3. Income tax advantages. When a company owns a depreciable asset, it can only deduct the deprecation expense (called
capital cost allowance for income tax purposes) on its income tax return. If the company has borrowed to purchase an asset,
it can also deduct the interest expense. When a company leases an asset, it can deduct 100% of the lease payment on its
income tax return.
4. Off-balance sheet financing. Many companies prefer to keep assets and, especially, liabilities off their books. A certain
type of lease called an operating lease allows the lessee to account for the transaction as a rental and therefore not record an
asset or liability on the companys books. This is known as off-balance sheet financing.
x operating lease : an arrangement allowing one party (the lessee) to use the asset of another party (the lessor); the arrangement is
accounted for as a rental
x finance lease : a long-term agreement allowing one party (the lessee) to use the asset of another party (the lessor); the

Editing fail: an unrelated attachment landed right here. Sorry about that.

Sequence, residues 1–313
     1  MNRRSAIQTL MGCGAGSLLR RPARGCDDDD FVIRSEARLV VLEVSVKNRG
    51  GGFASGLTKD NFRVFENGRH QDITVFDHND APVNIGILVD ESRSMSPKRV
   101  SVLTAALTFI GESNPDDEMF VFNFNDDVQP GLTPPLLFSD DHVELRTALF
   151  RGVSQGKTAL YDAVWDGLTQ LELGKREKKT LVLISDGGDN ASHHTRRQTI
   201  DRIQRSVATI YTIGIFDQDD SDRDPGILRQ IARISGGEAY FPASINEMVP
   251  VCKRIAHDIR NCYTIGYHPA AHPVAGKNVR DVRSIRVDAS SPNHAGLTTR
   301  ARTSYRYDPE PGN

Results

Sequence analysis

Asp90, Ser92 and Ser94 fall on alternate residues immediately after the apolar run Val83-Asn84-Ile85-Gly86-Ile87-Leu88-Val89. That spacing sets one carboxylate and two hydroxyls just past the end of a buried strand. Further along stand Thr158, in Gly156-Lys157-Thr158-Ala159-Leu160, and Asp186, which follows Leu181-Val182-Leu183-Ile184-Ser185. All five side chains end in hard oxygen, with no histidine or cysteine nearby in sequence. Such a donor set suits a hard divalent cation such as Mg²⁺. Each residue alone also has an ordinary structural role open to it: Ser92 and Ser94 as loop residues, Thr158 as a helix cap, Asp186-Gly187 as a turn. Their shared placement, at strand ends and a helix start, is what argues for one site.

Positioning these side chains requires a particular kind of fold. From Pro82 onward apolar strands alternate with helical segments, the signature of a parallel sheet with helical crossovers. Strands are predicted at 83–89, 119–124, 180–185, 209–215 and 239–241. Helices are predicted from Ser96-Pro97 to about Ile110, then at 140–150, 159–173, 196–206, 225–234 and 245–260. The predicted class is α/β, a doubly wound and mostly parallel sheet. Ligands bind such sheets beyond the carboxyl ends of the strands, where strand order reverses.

arrangement is accounted for as a purchase
x companies often incur costs when renovating leased property, charged to separate account called Leasehold Improvements
x since leasehold improvements are attached to leased property, they belong to lessor at end of lease
x because benefits of these improvements to the lessee will therefore end when lease expires, they are depreciated over remaining
life of lease or useful life of improvements, whichever is shorter
x cost model : a model for accounting for a long-lived asset that carries the asset at its cost less accumulated depreciation or
amortization, which includes any impairment losses
x depreciation is systematic allocation of cost of PPE (and certain other long-lived assets) over asset’s useful life
x depreciation is process of cost allocation, not a process of determining an asset’s fair value
x depreciation does not provide cash to replace asset as balance in Accumulated Depreciation only represents total amount of